Dr. Teresa Sanders
Principal Investigator
Molecular Cellular and Developmental Biology

Dr. Sanders research has significantly impacted our understanding of Neural Disease and Degeneration, particularly with regard to the role of cortical projection neurons in dysfunctional sensorimotor and memory circuits. From her previous work designing signal processing solutions for imaging missile systems, she brings high quality, novel approaches for identifying drivers of neurodegeneration and pathological behavior. Her lab develops and incorporates cutting edge techniques for in vivo imaging, neuromodulation, electrophysiology, and genetic manipulation to accelerate advancements in understanding neural circuit plasticity mechanisms in normal and pathological states.


Selected publications:
Sanders, T.H.*, Weiss, J., Hogewood, L., Chen, L., Paton, C., McMahan, R.L. and Sweatt, J.D., 2019. Cognition-Enhancing Vagus Nerve Stimulation Alters the Epigenetic Landscape. Journal of Neuroscience, 39(18), pp.3454-3469.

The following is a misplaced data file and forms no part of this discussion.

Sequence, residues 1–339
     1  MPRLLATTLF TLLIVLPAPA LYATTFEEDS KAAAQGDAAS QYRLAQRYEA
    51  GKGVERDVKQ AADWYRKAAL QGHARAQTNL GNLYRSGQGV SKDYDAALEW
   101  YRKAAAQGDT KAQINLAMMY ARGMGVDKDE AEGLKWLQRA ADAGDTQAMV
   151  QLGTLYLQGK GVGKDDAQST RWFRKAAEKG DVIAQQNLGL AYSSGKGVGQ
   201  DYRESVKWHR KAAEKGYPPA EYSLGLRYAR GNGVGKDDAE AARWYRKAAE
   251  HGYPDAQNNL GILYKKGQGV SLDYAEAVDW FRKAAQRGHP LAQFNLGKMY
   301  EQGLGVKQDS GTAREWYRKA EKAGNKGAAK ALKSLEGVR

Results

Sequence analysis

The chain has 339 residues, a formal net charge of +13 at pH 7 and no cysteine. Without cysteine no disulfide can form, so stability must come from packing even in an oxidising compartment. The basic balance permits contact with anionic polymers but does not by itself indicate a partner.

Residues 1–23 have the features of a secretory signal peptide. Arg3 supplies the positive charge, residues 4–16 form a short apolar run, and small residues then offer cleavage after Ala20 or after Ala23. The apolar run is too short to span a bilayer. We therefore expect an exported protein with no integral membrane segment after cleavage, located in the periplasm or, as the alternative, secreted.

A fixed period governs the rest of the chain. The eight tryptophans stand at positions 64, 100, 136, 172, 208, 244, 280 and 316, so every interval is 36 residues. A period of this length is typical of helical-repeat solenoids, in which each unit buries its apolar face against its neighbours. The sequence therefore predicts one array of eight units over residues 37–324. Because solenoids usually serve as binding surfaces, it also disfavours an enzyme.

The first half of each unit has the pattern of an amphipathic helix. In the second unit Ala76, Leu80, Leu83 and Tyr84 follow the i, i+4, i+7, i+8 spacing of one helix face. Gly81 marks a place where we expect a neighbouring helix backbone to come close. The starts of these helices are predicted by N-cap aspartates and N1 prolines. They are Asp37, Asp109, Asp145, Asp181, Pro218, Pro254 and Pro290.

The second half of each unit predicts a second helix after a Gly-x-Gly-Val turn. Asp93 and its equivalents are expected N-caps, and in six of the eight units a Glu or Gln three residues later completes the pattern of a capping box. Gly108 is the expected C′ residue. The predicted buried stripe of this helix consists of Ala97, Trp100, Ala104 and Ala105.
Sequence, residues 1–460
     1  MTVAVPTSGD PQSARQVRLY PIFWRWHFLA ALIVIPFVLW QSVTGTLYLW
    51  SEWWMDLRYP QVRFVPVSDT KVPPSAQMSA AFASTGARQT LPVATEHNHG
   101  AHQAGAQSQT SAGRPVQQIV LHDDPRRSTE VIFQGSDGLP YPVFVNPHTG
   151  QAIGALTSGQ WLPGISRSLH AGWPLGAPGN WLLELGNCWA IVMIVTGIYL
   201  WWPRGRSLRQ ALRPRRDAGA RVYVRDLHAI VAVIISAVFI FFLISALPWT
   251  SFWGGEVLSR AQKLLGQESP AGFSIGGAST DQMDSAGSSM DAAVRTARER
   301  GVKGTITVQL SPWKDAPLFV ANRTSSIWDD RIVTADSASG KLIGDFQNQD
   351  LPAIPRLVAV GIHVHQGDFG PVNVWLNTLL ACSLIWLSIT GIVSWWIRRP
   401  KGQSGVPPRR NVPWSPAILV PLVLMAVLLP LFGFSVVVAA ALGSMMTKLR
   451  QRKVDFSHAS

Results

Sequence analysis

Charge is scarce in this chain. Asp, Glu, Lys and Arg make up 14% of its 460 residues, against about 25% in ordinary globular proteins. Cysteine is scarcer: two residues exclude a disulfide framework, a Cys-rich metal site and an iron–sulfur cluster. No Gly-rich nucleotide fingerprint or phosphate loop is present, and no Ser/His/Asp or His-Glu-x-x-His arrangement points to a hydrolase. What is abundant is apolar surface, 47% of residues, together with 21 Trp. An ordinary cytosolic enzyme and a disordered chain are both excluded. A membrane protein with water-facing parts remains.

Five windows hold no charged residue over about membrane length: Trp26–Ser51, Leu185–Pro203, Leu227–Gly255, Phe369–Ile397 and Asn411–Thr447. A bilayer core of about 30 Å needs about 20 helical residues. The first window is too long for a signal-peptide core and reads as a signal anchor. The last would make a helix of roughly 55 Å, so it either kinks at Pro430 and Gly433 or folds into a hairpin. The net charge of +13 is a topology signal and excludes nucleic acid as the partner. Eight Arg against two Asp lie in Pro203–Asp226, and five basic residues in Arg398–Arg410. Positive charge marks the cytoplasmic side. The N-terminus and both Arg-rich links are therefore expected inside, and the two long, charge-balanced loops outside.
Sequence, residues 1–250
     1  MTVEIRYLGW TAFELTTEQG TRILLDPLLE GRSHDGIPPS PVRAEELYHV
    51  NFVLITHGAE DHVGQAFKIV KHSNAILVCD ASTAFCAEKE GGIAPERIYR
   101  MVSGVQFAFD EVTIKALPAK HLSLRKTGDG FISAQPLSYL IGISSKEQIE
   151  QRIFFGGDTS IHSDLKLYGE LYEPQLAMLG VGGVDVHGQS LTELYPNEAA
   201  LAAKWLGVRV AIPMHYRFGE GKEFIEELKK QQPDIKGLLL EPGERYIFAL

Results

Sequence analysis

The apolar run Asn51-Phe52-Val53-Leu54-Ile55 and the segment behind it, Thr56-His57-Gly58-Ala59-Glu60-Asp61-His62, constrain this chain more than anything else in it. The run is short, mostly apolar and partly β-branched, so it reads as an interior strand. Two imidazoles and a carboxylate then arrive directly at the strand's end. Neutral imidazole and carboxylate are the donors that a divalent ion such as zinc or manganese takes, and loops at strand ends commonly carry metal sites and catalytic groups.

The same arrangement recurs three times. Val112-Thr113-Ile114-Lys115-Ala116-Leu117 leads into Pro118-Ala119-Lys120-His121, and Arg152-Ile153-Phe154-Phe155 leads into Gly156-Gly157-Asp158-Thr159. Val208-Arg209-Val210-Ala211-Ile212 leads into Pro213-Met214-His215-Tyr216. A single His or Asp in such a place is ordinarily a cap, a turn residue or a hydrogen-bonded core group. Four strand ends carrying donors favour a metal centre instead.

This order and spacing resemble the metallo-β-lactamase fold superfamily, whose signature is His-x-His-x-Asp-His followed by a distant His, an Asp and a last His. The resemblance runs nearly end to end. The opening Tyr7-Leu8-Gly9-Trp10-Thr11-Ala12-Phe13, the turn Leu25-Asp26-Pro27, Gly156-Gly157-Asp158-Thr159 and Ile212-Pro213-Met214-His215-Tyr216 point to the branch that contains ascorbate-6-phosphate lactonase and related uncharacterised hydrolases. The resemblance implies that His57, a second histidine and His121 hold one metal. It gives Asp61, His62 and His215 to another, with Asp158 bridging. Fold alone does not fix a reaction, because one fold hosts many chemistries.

Poplawski S.G., ..., Sanders T.H., et al., 2020. An Antisense Oligonucleotide Leads to Suppressed Transcription of Hdac2 and Long-Term Memory Enhancement. Molecular Therapy-Nucleic Acids. 19:1399-412.

Sanders, T.H.*, 2019. Phase discontinuities underlie increased drowsiness and diminished sleep quality in older humans. bioRxiv, p.696658. bioRxiv 696658

Sanders, T.H.*, 2017. Stimulation of cortico-subthalamic projections amplifies resting motor circuit activity and leads to increased locomotion in dopamine-depleted mice. Frontiers in integrative neuroscience, 11, p.24.

Sanders, T.H.* and Jaeger, D., 2016. Optogenetic stimulation of cortico-subthalamic projections is sufficient to ameliorate bradykinesia in 6-ohda lesioned mice. Neurobiology of disease, 95, pp.225-237.